Social media has revolutionized the way humanity is able to communicate. In a matter of a few seconds with a phone, touch-pad, computer, or game console, people can read posts from across the globe.

These posts range from celebrity news to what your brother had for breakfast. But in the world of collegiate and professional sports, social media posts have become something of a problem as many players are posting vain, insulting, or offensive items on their social media accounts.

Randall Cobb speaks at a press conference during his time at the University of Kentucky. He was drafted by the Green Bay Packers in 2011.

Randall Cobb speaks at a press conference during his time at the University of Kentucky. He was drafted by the Green Bay Packers in 2011.

This is nothing new; anyone who has spent time on these sites knows that there are those who feel the need to post ridiculous, hyperbolic, and overly-personal statements that may not be appropriate for the public.

The problem with athletes posting such statements online is because they have such a large audience, offensive comments are much more likely to be seen and reacted to negatively.

Former San Diego Chargers wide receiver Demetrius Byrd was cut after a tweet questioning whether liking Justin Bieber made him gay. Former UK football player Randall Cobb chastised UK fans for booing the team and leaving the staduim early in a game against South Carolina during 2010, which angered some UK fans. Athletes such as these players have taken to social media to express their views, often in ways that are later judged to be inappropriate.

Often, these tweets have been sexist, racist, homophobic, or downright mean, and the general managers and administrators of both professional and collegiate teams have been quick to censor or punish players for such posts.

The reasons for these posts are often silly or pointless, and players, like Byrd for example, put their career on the line when they make these statements. So why do we care? What are the implications of such foolish claims?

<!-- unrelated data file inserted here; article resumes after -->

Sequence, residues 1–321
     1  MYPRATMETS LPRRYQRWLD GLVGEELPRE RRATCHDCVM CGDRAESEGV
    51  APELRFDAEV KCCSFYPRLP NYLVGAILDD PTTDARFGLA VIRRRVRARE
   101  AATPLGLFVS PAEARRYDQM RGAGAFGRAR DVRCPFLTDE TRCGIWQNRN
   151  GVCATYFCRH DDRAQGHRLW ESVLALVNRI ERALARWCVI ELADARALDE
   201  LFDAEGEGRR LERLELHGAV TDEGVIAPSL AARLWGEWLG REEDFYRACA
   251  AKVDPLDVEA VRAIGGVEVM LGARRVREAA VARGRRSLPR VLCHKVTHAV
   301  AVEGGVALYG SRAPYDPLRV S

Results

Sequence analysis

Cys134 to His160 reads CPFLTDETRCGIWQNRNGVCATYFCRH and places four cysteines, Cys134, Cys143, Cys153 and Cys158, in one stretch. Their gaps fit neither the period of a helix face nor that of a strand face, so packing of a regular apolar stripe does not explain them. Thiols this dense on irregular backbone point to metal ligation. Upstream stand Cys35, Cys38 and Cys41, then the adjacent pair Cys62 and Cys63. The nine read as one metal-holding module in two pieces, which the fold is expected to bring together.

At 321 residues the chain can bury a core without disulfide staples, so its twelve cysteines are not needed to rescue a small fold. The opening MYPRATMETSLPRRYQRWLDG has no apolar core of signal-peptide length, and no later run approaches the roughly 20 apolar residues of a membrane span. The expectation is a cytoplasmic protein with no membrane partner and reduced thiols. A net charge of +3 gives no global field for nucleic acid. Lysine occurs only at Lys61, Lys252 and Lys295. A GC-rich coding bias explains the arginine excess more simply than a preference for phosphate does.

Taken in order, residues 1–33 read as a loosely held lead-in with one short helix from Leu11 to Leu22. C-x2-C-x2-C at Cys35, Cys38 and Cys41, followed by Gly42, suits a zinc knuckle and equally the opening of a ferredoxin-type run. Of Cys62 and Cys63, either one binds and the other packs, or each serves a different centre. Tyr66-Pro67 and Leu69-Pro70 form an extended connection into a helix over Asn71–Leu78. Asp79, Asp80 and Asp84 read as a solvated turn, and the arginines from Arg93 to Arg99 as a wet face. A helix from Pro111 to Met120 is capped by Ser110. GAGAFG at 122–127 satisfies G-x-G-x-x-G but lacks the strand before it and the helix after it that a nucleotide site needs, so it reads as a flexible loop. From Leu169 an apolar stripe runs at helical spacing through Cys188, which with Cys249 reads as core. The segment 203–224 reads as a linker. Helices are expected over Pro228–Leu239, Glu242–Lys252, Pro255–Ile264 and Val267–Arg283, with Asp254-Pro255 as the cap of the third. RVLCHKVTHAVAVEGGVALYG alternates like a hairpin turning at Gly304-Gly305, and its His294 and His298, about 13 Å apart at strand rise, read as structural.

Centre professors recognize the realities and negative connotations of the actions of these athletes.

“What bothers me are the players and coaches who insult each other through female-oriented slanders,” H.W. Stodghill, Jr. and Adele H. Stodghill Professor of Psychology Dr. Mykol Hamilton said. “The culture that allows players to call each other ‘ladies’ or ‘pussy’ is obnoxious, as if the worst thing to be called is a woman.”

Assistant Professor of Psychology Dr. Goetz, on the other hand, emphasized the power these athletes have over popular culture. “Power does corrupt,” Goetz said, “We tend to unconsciously respect and copy things highly successful people do, and because of this, the impacts of such statements can be stronger.”

But is such outcry or criticism a new concept given the new level of communication via social media?

“There’s nothing very different about scrutinizing athletes and celebrities, it’s just at a new, broad level. I’m annoyed when athletes say we hold them up to a

higher standard. If you are going to get rich by entertaining the public, you enter into a bargain with the public to be careful about what you say,” Hamilton said.

Goetz also agreed with the appropriateness of public scrutiny. “Players are subject to critique,” Goetz said. “Although we afford them influence through their popularity, public feedback is good.”

But is it also appropriate for teams to punish players for these posts? Both professors agreed, while they were not fond of the idea of curtailing the right to speech, such posts harm the image of the team as a whole as well as the management and franchise. And in the end that is what players need to remember when they are online: whatever they say could be harmful to the image and morale of the team as a whole. In the world of competitive team sports, image and morale matter more than the desire for an emotional outburst.

Skip to toolbar